There is some controversy over the sustainability of harvesting coconut sap sugar. Collecting coconut sap is NOT harmful to the coconut palm trees and does NOT affect coconut oil or coconut milk production. Once a coconut palm tree becomes a “sap tree”, coconuts for oil and milk are no longer collected from the tree. Coconut trees can be tapped 10 years (or more!) with no harm done to the trees (source).
At Wilderness Family Naturals, we love that our coconut products showcase how an entire tree can be used — with nothing to waste! We offer a wider range of coconut products than any other retailer — including coconut oil, spread, and milk, coconut vinegar, coconut syrup, and coconut sugar!
Coconut sugar makes a great brown sugar replacement. Try using it in place of brown sugar in your chocolate chip cookie recipe!
Use it to sweeten beverages, sauces, marinades or as a replacement for refined sugar and brown sugar in baking. You should also try adding it to your coffee!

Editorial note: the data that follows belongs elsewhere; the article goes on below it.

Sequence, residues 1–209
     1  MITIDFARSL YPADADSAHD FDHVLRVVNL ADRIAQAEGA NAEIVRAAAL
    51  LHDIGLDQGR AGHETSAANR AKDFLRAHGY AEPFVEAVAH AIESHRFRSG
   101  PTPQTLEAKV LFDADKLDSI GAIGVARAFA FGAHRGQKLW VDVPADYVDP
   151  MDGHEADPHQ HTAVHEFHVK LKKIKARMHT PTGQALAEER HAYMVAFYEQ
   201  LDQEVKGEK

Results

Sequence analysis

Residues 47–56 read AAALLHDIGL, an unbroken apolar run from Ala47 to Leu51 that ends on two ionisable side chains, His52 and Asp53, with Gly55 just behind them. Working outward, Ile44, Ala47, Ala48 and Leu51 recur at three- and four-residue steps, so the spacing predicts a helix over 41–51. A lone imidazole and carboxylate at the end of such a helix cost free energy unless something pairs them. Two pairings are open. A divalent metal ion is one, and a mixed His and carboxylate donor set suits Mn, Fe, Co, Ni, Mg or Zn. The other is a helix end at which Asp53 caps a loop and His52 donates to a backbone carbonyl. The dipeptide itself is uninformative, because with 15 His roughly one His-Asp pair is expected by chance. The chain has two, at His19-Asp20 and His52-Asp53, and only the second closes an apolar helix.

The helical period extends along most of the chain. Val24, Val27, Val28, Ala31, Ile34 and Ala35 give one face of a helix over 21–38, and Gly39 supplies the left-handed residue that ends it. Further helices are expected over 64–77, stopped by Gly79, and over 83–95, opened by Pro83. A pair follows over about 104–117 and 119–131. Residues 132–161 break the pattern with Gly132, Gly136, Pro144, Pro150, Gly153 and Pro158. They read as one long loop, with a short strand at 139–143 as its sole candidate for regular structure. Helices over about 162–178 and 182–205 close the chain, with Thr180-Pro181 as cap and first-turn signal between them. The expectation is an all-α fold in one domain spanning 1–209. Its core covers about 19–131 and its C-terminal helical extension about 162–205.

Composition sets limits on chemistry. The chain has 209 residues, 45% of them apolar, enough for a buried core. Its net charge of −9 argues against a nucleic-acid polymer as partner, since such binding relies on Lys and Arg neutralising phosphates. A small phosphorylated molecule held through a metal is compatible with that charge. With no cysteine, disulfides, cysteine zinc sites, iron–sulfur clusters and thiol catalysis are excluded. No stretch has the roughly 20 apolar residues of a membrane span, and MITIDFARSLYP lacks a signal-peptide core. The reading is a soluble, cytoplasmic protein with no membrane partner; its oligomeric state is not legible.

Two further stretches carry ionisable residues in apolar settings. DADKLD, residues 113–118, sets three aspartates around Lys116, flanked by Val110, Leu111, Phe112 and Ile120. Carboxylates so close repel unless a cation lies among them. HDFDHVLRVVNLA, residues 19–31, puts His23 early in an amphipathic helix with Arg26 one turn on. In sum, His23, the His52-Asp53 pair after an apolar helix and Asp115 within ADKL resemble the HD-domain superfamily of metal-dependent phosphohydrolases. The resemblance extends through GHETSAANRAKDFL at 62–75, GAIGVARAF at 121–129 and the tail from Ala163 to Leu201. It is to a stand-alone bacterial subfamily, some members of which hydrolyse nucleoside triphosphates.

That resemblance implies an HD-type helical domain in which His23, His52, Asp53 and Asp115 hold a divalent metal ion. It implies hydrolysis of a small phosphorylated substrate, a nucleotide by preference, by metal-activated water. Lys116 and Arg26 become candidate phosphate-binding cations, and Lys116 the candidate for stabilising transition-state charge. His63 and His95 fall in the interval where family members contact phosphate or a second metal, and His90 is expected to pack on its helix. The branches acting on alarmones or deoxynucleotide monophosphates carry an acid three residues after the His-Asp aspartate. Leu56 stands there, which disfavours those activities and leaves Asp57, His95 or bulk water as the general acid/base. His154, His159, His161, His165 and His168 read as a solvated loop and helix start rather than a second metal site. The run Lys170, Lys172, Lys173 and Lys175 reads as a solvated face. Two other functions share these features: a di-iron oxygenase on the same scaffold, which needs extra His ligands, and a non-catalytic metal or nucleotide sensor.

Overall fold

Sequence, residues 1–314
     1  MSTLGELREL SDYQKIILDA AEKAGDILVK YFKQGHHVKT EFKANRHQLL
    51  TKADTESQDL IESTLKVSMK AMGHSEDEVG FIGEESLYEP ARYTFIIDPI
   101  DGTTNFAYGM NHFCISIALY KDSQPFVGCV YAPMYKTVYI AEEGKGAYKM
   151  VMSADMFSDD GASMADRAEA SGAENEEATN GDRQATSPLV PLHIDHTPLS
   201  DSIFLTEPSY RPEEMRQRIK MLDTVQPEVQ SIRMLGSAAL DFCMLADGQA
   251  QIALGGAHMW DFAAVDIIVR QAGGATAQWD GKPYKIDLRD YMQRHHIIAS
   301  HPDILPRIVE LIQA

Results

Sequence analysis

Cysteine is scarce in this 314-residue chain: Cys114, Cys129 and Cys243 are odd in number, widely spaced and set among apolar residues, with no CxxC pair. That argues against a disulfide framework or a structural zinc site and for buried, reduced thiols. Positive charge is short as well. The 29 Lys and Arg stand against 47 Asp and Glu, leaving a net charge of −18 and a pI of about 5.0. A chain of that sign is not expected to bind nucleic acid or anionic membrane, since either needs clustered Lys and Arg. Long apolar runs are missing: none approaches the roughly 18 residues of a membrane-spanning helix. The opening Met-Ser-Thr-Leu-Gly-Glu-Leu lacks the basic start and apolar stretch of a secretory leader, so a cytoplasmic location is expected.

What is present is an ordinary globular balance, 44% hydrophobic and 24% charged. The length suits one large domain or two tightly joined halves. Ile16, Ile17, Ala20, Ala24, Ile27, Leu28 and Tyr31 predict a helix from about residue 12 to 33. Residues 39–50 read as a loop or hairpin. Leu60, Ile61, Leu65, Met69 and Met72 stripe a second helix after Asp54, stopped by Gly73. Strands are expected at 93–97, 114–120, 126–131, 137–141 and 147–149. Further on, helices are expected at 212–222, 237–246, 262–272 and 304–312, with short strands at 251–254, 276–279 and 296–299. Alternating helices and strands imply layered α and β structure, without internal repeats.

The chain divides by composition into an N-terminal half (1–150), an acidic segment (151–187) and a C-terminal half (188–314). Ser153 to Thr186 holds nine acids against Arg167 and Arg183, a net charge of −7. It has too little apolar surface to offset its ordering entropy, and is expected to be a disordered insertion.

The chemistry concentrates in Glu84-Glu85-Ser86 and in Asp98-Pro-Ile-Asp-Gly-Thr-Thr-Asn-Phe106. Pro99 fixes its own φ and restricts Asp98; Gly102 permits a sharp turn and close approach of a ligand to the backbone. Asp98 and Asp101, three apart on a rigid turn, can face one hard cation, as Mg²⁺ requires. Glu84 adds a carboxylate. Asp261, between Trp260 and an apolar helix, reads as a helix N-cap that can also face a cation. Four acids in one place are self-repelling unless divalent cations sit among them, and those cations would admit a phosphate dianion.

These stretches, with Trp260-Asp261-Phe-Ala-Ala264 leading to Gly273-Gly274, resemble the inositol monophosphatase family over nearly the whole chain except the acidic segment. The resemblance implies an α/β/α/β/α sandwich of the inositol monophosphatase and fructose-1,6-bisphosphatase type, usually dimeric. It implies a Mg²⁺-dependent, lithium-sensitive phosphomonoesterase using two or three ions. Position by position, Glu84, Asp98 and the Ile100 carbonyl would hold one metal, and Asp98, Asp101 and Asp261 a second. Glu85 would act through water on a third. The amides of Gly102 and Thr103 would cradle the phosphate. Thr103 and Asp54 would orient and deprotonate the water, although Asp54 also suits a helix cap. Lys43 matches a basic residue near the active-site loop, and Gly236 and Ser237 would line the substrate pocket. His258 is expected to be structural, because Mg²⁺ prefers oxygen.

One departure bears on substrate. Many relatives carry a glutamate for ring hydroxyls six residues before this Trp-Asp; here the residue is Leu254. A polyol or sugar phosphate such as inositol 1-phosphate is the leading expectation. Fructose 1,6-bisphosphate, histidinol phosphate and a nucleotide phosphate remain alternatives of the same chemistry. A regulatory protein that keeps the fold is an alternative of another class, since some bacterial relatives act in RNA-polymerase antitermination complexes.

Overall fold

Or try our Grain-Free Peanut Butter Brownie Bites that are sweetened entirely with our coconut sugar!
3 — Agave Nectar
Originating from Mexico, the agave plant has been harvested for many centuries to make the ever-popular alcoholic drink, tequila. But it’s utility has spread to become a popular and inexpensive natural sweetener.
The traditional method of producing agave nectar involved boiling down the sap from the agave plant to form a thick syrup. Unfortunately, the conventional method of processing agave has changed significantly. In these instances, the end product is more akin to high fructose corn syrup. This involves a thermal and enzymatic process that denatures the inulin naturally found in agave and turns it into fructose. Hence, the agave nectar you find in most supermarkets and health food stores has recently received bad reviews.
Wilderness Family Naturals has crafted a unique form of organic, non-GMO agave nectar. This product is different from other agave syrups available on the market. It is a truly raw product since no heat or chemicals are used in processing.